With less than 100 days to go, excitement for the London 2012 Olympics continues to mount! As with many large-scale events, the chatter and buzz has also been growing online, and for the first time in the history of the Olympics, directors have planned an initiative to aggregate all of the online chatter about the games.
The Olympic Athlete’s Hub is a way for any spectator to become involved in the online conversation about the Olympics by providing a steady stream of tweets from each of the Olympian’s verifiable accounts. You can search the hub for your favorite athlete, country and even sporting event. The site also allows users a mini-social network (which you can connect to your Facebook or Twitter account – points to them for having the foresight not to necessitate creating an entirely new online profile!) that lets them interact with other users that share a similar affinity for the games!
The site is not just a way to connect however, an Olympics spokesperson explained that “the more athletes users ‘like’ on Facebook or follow on Twitter through the site, the more points they receive, accumulating prizes such as virtual gold, silver and bronze medals.” During the games, users will also be able to stream events in real time.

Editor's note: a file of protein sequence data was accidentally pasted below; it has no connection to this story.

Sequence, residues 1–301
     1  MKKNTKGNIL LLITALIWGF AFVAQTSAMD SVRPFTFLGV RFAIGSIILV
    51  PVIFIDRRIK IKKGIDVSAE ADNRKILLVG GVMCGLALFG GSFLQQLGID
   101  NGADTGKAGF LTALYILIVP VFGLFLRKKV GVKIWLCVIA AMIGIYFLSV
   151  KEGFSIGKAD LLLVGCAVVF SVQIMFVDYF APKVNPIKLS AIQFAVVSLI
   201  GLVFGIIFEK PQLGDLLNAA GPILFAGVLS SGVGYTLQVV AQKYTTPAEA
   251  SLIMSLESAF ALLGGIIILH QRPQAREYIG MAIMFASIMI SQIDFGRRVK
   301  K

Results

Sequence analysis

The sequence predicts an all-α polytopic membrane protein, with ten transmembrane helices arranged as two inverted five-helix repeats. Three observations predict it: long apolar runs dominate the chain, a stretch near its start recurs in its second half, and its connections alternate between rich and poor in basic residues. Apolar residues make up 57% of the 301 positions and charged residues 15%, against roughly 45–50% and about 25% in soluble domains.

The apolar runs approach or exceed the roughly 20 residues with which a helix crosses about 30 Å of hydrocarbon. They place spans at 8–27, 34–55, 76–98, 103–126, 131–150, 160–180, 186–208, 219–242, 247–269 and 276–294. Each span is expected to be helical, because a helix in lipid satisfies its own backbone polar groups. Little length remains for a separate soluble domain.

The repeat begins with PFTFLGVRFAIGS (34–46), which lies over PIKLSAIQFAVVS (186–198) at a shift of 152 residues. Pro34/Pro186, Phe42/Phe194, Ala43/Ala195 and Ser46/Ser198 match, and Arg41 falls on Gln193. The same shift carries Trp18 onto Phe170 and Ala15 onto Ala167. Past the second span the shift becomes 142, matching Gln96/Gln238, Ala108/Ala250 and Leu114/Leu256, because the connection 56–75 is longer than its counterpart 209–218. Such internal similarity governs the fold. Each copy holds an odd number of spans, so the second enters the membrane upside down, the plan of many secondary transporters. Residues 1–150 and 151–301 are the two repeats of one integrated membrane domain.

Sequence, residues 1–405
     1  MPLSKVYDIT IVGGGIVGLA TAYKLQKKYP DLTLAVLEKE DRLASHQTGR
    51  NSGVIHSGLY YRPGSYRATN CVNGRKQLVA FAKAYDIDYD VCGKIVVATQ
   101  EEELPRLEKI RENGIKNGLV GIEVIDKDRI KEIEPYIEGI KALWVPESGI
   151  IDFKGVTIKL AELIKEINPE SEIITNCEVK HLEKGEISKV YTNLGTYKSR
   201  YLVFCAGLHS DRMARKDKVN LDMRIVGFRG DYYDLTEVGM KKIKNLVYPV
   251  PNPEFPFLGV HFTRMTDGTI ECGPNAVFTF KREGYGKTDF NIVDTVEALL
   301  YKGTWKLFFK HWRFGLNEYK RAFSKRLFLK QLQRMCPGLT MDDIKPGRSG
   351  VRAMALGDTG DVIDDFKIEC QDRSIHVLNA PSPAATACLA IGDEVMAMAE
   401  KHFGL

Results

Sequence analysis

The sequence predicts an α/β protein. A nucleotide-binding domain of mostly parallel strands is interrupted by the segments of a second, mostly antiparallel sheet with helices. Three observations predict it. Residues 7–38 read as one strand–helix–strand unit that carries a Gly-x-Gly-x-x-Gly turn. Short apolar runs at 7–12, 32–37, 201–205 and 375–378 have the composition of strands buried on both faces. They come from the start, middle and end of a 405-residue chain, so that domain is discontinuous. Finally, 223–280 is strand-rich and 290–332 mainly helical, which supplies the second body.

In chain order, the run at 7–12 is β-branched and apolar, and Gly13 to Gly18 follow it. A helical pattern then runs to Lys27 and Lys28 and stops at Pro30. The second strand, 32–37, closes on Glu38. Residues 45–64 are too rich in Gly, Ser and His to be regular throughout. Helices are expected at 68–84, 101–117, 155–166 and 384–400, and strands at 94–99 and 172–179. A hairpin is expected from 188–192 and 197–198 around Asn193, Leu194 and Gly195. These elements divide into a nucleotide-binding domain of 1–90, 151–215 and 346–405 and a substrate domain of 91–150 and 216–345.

While this idea seems to have nothing but the best outcomes in mind, a potential liability could be the PR crisis that generally ensues when some one misspeaks on Facebook or more noticeably, on Twitter. Countless celebrities, political figures and even athletes have become embroiled in crisis situations due to something that was said via their Twitter handle. While thoughts on private pages are attributed to the person in charge of the account, would the Olympics be responsible for handling the situation?
The idea to capitalize on the public’s interest in live broadcast events that draw high volumes of audiences is something that we’ve seen over the course of the past year during fashion shows, The Superbowl, and even the State of the Union address! As an agency specializing in integrating social media tactics into traditional PR practices, the more we see organizations adapt these practices, the more excited we get! Is there any event or large-scale organization that you would like to see develop a strong social media presence in the years to come?